Froze half in two bags for follow up meals. Defrosted and warmed up without any loss of texture or flavour.

    2. I have made great Boston Baked Beans and equally great Canadian Baked Beans (maple syrup and maple sugar instead of molasses and brown sugar). Right now, I’m brining 1 lb of navy beans to make boiled apple cider beans. I have never made apple cider beans before, so I googled the phrase apple cider beans and got your recipe. I want to avoid using the same molasses that I use in Boston Baked Beans, so I may go to the health food store and see if they have the sorghum molasses you mention in this recipe. However, my intention had been to use boiled cider instead of molasses, and I’m wondering if anyone else out there has done this already and may have some caveats for me. For seasonings, I plan on using the same seasonings I would use in apple pie (ie cinnamon, nutmeg, all spice, ginger), and a bit of dry mustard powder, as well, and I plan to also use the onions that I use in all my baked beans). Any advice?

      1. Clara, I love the way you’re thinking. (And I envy you those Canadian Baked Beans, which sound inspired!) We haven’t tried this with reduced cider but it should work fine, it should be about the same sweetness, I expect. As for seasonings, for my personal taste, I think the cinnamon, nutmeg, allspice, ginger would be a little too sweet, and I would use mostly just ginger and mustard, although that’s me. Follow your instincts and let us know how it goes.

      1. Hi Lara, great question! Sorghum molasses is made from sorghum cane, a grass like plant that was used by early settlers. Molasses is made from sugar cane. They are both used as a sweetener in many baked goods as well as baked beans.

        1. Thanks, Beth. I’ve been confused about molasses types before when reading baking recipes. For ex. sulphured, unsulphured, blackstrap, etc. Perhaps this site could do a feature some time reviewing the kinds of molasses and what’s good for what type of cooking/recipe.

    3. An authentic bean pot? Look no further than Leroux Kitchen in Portland, Maine. That’s where I got mine, and the store is definitely worth a visit (as is Portland). But you can also order your bean pot from Leroux Kitchen for $25 plus $9 shipping (very reasonable for a pot which may become an heirloom). My bean pot was made in Maine and hopefully those are still the ones they carry.

    4. About 40 years ago I bought my mother a beautiful hand-thrown pottery casserole at a artists fair. She put it in a cupboard & never used it—I think she was afraid it would ruin it. When she passed away I brought it home & I’ve never used it, either. I think it’s time to make some beans!

      1. As a potter myself, it gladdens my heart to know that you’re welcoming that hand-thrown piece into your kitchen–it was made to be used! Food tastes better when prepared or served in something crafted with love. Joyous clay for everyday…it’s what I do. Enjoy!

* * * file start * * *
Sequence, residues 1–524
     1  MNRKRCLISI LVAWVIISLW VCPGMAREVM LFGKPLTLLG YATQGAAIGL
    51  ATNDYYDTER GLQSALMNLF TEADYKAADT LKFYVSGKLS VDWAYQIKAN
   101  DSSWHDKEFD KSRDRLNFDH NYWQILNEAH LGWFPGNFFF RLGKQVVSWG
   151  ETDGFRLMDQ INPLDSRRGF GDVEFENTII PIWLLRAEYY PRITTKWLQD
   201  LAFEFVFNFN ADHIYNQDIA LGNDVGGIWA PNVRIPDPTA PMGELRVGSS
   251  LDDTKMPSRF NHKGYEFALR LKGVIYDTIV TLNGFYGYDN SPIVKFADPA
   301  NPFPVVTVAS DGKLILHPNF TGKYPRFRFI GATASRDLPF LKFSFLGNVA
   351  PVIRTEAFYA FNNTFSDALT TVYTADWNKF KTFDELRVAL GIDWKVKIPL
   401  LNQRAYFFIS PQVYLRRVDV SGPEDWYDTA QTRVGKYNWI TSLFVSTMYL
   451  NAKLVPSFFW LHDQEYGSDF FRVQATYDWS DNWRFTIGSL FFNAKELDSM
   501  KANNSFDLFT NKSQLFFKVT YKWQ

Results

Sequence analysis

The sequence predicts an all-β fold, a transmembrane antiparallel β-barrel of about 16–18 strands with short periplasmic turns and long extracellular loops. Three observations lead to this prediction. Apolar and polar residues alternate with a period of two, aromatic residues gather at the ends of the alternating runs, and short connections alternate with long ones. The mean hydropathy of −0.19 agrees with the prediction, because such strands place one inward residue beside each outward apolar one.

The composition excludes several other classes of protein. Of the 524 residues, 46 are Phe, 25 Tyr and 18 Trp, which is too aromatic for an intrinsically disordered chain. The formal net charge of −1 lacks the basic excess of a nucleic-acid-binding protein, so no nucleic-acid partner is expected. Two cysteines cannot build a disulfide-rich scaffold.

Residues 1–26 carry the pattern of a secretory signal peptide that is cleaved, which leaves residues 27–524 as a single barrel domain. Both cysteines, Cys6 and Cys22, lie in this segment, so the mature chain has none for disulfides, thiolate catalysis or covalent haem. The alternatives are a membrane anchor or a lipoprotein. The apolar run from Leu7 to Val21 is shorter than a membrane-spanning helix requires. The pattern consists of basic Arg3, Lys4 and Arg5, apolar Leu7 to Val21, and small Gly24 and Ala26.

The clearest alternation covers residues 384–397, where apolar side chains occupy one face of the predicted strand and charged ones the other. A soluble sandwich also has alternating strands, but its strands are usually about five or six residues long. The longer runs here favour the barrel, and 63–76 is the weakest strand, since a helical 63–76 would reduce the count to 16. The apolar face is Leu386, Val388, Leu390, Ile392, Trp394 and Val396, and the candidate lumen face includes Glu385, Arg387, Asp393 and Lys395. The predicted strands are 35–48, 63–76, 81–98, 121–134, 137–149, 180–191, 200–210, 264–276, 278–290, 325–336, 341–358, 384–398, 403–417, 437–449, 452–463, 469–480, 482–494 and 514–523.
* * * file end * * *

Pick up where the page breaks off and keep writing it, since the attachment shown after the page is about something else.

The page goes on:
5. I cooked these yesterday and we ate them today. The only change I made was to use Canadian bacon from my local farmer instead of the salt pork. Our house still smells so good! We loved the hint of molasses and cider and the 2 tsp. salt was perfect for us. I did have to add hot water twice, but then I did not have a bean pot. I will be making these again. They sure taste and smell like fall!

    6. I’ve been waiting to make this until I found the bean pot I wanted. I’ve had my eye on them on eBay where they are fairly plentiful, but actually came across one in a local antique shop yesterday (the exact one I wanted!). Soooo excited to make this! Check eBay with a stoneware bean pot search—there are good deals on pretty nice ones (I collect the “brown drip” style from McCoy myself. :)) Thanks for the recipe! I already know its going to rock my world.

      1. Holly, you are so very welcome! I can’t wait to hear what you think of the recipe. And thanks for the eBay tip, I know I appreciate it and I’m certain many others will as well. Okay, standing by at the ready to hear how this rocked your world…!

    7. Best. Beans. Ever. I couldn’t find salt pork so I got some sliced pork belly and I cured it in salt/brine overnight and used that. Turned out pretty darn good if you asked me! And, the house smells SO good. I made it using the stove/oven method in my dutch oven and next time I’ll be trying it in the slow cooker while I go to work. Yum!

    8. I tried these, but even though I cooked them in my slow cooker on high for 5 hours, and then another 3 on low, and then another 1 on high, the beans are crunchy and not soft at all. Maybe I shouldn’t have added the salt until the end?

      1. qirien, adding salt to cooking beans can, indeed, cause them to remain hard. But this recipe calls for the salt to be added to the molasses mixture, and since our testers didn’t have a problem with that, I’m not sure if that’s the issue. Did you add additional salt? Also the age of the beans can make a huge difference.

        1. I’m a home cook but I was concerned about this very thing when I read the recipe. In the past I have had bad luck adding an acid too soon to beans of any kind. Maybe the cider varies in acidity, giving a varied result. I add salt at the end of cooking beans as the ground they grew from determines their need for it or not. I want to try this recipe using a hard cider but I’m cooking the beans just until tender..naked (the beans). Then proceed to dress them and I’ll have to change the baking time.